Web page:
A not-quite mockumentary follows the hilarious lives of two marijuana-smoking mates cruising society's fringes on their pimped-out ponies, writes Peter Calder.

If Clint Rarm and Dwayne Sissions had not existed, it would have been necessary for filmmaker Zoe McIntosh to invent them. And maybe she did. Or partly. Or not.

Not knowing where the real bits end and the bullshit starts is at least half the fun of watching The Deadly Ponies Gang, McIntosh's "not-mockumentary" film, which opens in cinemas today.

The 65-minute genre-bender was described by New Zealand International Film Festival director Bill Gosden as "the funniest movie valentine to stoned mateship and recreational innovation in New Zealand's backblocks since Kaikohe Demolition" and his confidence in it was rewarded. "It played to full houses pretty much wherever we took it," he says, "and I never heard from anyone who didn't think it was a hoot."

The film, which McIntosh, 29, self-funded and shot during 16 days over the course of a year, follows Rarm and Sissions, serious stoners whom you would be inclined to call bogans if it weren't for the fact they have no cars. Instead, they get about on the ponies of the title (pimped-out mounts they are, too, but there are no fluffy dice in sight), occupying their days by providing toys of very suspect provenance ("Let's just say they came from people who can afford more presents") to neighbourhood kids.


Clint is the antithesis of the matinee idol. Whether holding forth on the different kinds of horses ("big horses, little horses, like midget little, brown ones, spotty ones") or standing in an opshop describing his sense of style ("sharp, sophisticated, yet tough"), he leaves the viewer deliciously uncertain whether he is taking the piss or having the piss taken.

He seems genuinely mystified when his courting technique, which involves spray-painting a horse's flank, doesn't work.

What you would call the film's narrative arc, if it didn't look like a tangled fishing line, is the story of Clint's determination to raise the funds to get the toothless Dwayne a set of gnashers. "He can't get girls and he can't eat steak," Clint says. So he ... well, you should see the film to find out what happens next. You really should. It's a safe bet you've never seen anything like it.

McIntosh is perhaps best known for Lost in Wonderland, the engaging, moving and thought-provoking documentary about cross-dressing lawyer Rob Moodie. Her short film Day Trip is an almost wordless study of a heavily tattooed and gang-patched Maori taking the ferry to Picton; and King of Caravans looked at a caravan park in Whanganui with a reputation for being a place of last resort for the down and out.

I asked her what it was that drew her to outsiders as subjects.
McIntosh: I am not conscious of that when I make a film but I do gravitate towards people living on the edge. I am obsessed with travelling, with throwing myself into situations that make me feel uncomfortable, or like a foreigner. The people living there force me to challenge my own views. It sparks me creatively and I become really sensitive to things.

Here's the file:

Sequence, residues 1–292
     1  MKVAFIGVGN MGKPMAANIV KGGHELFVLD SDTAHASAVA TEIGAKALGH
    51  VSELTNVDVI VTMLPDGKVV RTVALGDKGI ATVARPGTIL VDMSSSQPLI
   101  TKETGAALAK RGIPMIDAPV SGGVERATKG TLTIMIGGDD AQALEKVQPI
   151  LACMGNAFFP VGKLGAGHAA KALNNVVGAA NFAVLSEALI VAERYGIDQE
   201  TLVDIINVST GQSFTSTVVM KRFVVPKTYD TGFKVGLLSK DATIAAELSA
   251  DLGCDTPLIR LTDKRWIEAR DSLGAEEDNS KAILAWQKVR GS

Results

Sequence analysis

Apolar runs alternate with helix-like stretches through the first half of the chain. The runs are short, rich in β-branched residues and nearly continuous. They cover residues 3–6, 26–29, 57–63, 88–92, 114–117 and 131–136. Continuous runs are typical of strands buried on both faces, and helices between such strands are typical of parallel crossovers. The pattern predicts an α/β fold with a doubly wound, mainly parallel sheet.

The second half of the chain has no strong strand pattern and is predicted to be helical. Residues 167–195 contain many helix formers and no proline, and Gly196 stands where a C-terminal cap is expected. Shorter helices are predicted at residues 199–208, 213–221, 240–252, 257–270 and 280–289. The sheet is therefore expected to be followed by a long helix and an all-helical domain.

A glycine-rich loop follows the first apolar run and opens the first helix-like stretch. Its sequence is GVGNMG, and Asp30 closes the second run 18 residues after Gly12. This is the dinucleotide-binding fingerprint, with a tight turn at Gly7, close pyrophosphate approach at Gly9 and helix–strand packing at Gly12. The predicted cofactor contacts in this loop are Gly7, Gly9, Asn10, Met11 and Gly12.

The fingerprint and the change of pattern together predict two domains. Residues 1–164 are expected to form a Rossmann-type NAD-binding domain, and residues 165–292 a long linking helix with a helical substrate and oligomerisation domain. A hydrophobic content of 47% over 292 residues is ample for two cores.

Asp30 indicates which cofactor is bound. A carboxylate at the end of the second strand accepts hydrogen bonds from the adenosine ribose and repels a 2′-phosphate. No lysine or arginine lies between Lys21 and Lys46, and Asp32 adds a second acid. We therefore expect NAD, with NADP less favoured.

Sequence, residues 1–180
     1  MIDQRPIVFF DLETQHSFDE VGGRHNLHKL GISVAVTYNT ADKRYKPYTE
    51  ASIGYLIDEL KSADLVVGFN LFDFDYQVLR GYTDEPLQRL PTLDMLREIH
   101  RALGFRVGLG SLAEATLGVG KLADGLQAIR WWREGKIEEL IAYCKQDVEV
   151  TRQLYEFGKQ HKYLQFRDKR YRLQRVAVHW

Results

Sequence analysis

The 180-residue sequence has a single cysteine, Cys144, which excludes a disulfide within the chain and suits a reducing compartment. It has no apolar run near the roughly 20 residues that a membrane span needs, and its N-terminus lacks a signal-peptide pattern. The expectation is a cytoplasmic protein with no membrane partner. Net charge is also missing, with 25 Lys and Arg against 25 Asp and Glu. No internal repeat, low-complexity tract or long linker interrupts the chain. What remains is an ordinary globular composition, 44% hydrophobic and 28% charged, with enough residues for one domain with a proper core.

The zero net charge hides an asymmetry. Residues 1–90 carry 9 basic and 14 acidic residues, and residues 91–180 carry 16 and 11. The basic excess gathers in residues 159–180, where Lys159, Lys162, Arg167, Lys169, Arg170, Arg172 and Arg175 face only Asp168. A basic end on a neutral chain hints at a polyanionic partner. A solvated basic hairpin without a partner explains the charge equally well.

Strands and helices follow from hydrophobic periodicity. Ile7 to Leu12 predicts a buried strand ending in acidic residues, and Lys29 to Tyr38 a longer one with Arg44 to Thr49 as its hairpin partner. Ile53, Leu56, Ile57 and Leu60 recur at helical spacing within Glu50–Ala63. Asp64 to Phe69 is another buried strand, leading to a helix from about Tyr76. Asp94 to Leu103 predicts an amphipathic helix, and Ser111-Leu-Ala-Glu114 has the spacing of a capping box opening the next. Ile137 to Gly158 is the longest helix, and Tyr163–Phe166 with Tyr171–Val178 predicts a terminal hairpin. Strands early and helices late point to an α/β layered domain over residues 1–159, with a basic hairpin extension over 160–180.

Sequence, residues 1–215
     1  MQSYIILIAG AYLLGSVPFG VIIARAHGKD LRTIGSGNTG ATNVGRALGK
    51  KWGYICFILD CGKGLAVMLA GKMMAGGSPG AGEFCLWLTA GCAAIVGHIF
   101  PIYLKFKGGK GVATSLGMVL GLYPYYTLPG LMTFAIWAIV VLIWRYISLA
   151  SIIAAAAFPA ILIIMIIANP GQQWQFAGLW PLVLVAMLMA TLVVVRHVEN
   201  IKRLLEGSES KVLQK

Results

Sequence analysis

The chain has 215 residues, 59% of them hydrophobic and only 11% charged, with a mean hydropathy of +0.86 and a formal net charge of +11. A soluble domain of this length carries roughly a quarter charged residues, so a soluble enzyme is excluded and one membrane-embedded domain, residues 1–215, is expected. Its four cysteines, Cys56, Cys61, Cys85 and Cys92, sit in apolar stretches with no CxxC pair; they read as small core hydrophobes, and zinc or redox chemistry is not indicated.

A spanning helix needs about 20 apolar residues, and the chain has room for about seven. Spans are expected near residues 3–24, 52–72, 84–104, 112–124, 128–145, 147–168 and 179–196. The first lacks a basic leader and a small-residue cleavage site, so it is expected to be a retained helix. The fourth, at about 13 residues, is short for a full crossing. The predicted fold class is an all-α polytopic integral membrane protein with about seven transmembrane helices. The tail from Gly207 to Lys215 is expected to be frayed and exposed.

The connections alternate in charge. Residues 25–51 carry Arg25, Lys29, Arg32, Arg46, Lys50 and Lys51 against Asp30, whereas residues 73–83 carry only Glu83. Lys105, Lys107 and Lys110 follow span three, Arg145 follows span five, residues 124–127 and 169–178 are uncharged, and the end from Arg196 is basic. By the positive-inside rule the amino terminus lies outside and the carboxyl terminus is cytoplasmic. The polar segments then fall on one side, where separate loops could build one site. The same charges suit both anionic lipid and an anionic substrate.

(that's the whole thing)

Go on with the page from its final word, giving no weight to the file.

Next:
What is it you like about such people?

The characters in the caravan park have this really grunty honesty which I struggle to find in my own circle because we are so polite all the time. Visually it's interesting as well.

Some of my friends tell me I collect characters like freaks but I don't feel like that. I feel a little bit odd myself. I don't enjoy routine. I like things being spontaneous and mixed-up and I see a lot of my characters as very beautiful and brave. They have decided to take on life in quite an alternative way.

It seems a bit sad that our traditional way of documenting the world is so confined and often ignores people outside the mainstream.

I agree. The thing is that my films are often not funded, certainly not in the initial stages and when you don't have much funding and the accompanying guidelines of how the story has to be, you can go into an environment with an open mind. You can take your time to digest information and character. Artistically, it's a lovely place to be because you can piece it together like a jigsaw puzzle, in a slower and more considered way.

This film is neither straight documentary nor fiction. One of the things that I like about the film is that I don't know what is real and what is a leg-pull and I don't mind.

The original guts of it was Clint, who was on a mission to get Dwayne some teeth so he could pick up more women. That's legit; they are lifelong friends and I thought it was very beautiful. The characters are so witty and alternative, they also have a lot of heart and I thought that had an international appeal: the lengths a friend will go to for friendship and anything's possible with imagination.

It strikes me that you discovered quite a lot of what ended up in the film while you were making it.

It was the nature of the project. We had to work at weekends, or when I had just done a commercial and got some money. As a result the film has a scrapbook feel rather than a three-act structure. It was written and crafted on the fly, though I had a firm idea of the core story. It was refreshing way to work - but it meant that if we needed something, we had to make it out of cardboard.

I was hanging out to make a film that made me laugh and I cannot stress how much fun we had making it, and it's lovely to be getting such positive responses.